One sentiment that has led to unhelpful division between leadership and followership is to believe that leaders are the ones who have (and sell) the vision, while followers are the ones who work to fulfill it.
When the organization’s leadership is setup as the only ones through whom vision can flow (I was part of one such organization), there is an inherent disempowering of followers, and an implicit message that vision–and thus the ultimate driving force behind any endeavor–is the purview of the leaders alone.
While the number of leadership positions in any group is likely to be limited by the structure and hierarchy that exist, the number of ‘owners’ of a project is not; anyone can experience personal dedication and concern for the success of an endeavor. Followers and leaders alike can exhibit profound ownership–regardless of where the idea originated from.
But this ownership must be encouraged, must be facilitated, must be permitted by leaders and others who are involved.
Dr. Timothy Laniak, in his book While Shepherds Watch Their Flocks–reflections on life through the eyes and experience of shepherds and sheep–spends a chapter on “Working Together.” There, he offers three questions to test whether we have a truly shared vision, where more than just the leader (or originator) are on board and expressing ownership.
His questions are:
- Is the burden we expect others to share consuming us first?
- Is the work shared enough so that others are not simply watching us do most of the labor?
- Is it clear that joining us in self-sacrificial service is an expression of loyalty not so much to us personally, but to the [bigger picture]?
A few thoughts on each of these questions:
#1.) Vision doesn’t only come from the top; regardless of its origin, if it’s something “we’re” doing, then leaders need to be legitimate champions of the idea. Leaders cannot expect otherwise uninvolved followers to express ownership for an endeavor that comes across as a side issue for the overseers or for the organization as a whole.
Leaders themselves may need help developing their sense of ownership for a vision that was not their own. Whether it came from someone higher up, or from one of his/her subordinates, whoever currently has a sense of ownership has an important role to play in igniting passion in others by experiencing it and expressing it authentically themselves. The title of Chapter 7 of Embracing Followership: How to Thrive in a Leader-Centric Culture is “Ownership: Passion in Action”; ownership is passion that is expressed, and thus shared with others, inviting them to join in.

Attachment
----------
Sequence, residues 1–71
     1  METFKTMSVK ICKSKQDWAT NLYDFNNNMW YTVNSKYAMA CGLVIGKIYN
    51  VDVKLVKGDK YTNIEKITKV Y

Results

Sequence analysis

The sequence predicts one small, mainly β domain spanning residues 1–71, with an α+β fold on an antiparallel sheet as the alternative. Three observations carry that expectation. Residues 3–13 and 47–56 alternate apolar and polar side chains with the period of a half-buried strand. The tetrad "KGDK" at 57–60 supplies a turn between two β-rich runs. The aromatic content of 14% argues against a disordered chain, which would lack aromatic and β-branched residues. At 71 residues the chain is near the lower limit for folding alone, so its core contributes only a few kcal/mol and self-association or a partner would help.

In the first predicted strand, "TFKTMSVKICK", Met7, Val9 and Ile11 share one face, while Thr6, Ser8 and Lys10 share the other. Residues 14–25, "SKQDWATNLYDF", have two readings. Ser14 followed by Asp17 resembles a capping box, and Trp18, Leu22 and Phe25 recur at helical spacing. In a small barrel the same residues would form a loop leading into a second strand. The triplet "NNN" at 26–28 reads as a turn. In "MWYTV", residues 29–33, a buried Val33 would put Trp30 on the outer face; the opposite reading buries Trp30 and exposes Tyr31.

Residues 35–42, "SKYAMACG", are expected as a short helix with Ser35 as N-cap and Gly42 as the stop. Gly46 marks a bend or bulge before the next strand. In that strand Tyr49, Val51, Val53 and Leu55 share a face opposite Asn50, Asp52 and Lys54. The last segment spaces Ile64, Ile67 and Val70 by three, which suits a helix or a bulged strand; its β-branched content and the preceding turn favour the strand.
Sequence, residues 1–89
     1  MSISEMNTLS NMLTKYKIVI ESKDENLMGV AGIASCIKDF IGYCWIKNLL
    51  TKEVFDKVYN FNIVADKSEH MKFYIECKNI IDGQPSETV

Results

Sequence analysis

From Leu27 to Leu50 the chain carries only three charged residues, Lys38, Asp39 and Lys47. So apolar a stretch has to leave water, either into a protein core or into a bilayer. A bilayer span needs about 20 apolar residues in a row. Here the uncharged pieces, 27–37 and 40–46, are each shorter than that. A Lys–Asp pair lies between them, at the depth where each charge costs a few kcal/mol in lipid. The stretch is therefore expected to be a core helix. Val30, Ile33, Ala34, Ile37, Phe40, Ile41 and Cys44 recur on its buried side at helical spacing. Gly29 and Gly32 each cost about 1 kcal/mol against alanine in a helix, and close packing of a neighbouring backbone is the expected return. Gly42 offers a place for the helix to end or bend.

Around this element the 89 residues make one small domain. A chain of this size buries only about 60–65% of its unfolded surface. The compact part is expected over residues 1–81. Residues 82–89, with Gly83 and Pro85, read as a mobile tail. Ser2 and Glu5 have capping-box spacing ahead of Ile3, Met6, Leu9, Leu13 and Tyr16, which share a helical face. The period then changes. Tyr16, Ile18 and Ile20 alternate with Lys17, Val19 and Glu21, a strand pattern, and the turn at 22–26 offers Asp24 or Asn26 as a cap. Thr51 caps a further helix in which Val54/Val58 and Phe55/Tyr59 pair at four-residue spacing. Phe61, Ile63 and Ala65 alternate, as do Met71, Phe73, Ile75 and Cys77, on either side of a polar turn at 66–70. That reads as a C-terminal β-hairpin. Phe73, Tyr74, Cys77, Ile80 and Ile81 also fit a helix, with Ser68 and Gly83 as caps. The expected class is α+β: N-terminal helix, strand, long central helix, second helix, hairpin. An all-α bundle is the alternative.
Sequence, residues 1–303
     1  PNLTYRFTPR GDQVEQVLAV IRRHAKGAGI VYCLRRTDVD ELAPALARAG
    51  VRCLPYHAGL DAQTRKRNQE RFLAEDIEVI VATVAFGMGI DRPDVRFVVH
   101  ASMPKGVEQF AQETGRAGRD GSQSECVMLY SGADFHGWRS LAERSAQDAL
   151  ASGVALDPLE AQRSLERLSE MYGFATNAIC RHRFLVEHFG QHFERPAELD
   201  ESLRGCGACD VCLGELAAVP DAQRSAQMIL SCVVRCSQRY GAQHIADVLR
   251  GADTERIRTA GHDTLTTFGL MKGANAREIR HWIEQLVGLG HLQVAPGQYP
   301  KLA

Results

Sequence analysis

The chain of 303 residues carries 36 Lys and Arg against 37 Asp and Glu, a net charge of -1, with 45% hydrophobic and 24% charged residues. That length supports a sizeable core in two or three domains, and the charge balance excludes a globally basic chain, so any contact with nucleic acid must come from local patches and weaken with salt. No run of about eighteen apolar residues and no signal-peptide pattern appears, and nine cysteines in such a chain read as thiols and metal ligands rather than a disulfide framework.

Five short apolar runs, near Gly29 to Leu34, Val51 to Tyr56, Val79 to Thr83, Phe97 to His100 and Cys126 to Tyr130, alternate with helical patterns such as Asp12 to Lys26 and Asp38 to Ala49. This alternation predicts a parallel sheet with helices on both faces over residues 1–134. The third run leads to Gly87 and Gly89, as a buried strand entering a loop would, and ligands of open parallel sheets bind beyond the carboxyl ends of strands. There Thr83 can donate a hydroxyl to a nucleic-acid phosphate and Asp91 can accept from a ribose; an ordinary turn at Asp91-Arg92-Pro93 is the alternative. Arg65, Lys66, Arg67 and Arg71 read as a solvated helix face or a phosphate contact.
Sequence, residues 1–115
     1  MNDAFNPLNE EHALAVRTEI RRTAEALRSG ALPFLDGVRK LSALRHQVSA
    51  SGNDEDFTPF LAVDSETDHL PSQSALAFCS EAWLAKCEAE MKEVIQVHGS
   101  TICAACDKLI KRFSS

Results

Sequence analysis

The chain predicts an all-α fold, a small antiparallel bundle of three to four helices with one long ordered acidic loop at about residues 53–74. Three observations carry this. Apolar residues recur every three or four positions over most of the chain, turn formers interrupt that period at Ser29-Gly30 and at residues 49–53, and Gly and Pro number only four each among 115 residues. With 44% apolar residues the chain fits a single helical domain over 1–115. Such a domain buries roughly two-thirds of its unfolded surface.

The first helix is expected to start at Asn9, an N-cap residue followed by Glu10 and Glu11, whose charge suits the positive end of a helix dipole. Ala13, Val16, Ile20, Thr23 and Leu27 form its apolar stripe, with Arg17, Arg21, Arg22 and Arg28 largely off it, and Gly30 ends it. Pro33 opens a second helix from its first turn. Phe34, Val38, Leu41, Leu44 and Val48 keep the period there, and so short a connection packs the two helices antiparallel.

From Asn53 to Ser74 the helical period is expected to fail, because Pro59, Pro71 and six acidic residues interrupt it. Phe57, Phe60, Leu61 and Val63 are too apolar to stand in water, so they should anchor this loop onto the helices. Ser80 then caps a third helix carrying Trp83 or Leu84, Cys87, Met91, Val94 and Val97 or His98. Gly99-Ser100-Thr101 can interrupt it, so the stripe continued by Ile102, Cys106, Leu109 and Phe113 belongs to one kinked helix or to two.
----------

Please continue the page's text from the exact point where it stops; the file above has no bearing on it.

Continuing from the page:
#2.) And this notion of inviting in is key. If leaders–or even other followers–are tending to hoard both the vision and the activity, it will be impossible for others to get involved and to even have the opportunity for developing a sense of ownership.
Ownership doesn’t necessarily precede involvement. Lack of a sense of ownership is not permission to withdraw or remain unengaged. Good followers should participate and contribute whether or not they feel the personal passion to do so. However, if a sense of ownership can be developed, then the contribution, commitment, and satisfaction will all be enhanced.
While not everyone can be invited into leadership, everyone can be invited into the vision, invited into ownership. That must include meaningful contributions to make. A leader, or prominent follower, that reserves the most significant work, the most noticeable work, the most vital work for him/herself is almost assuredly restricting the multiplication of ownership amongst the other group members.
#3.) Some followers may be tempted to try and engender ownership in themselves as a way to demonstrate their support of a leader or colleague personally; whether because they believe they are obligated to support the leader, or whether they see offering support as a way to curry favor and perhaps further their own status within the organization, such pledges of involvement fall far short of true ownership.
Ownership of a vision or endeavor will ultimately stem from the place of deep personal concern. If you have joined a particular organization because of alignment between your personal values, vision, calling, and purpose and those that constitute the organization, then your ownership should be an overflow of that commitment, that desire to see the group’s aims fulfilled. This is far more powerful than merely being a member of a personality cult that is trying to please the leader or to make a name for oneself.
As leaders or followers, we have the opportunity to encourage ownership amongst any number of our peers. By living out our own passion, meaningfully opening the work to others, and calling everyone back to the overarching purposes that frame our organization, we open up opportunities to tap into one of the deepest reservoirs of valuable contribution and excellent followership.
See here for other thoughts on the topic of ownership.
For encouragement and guidance in understanding and applying yourself to following with excellence and helping others to do the same, see:
Embracing Followership: How to Thrive in a Leader-Centric Culture (by Allen Hamlin Jr; Kirkdale Press, Feb 2016)
Find other recommendations for various aspects of followership on our Resources page.
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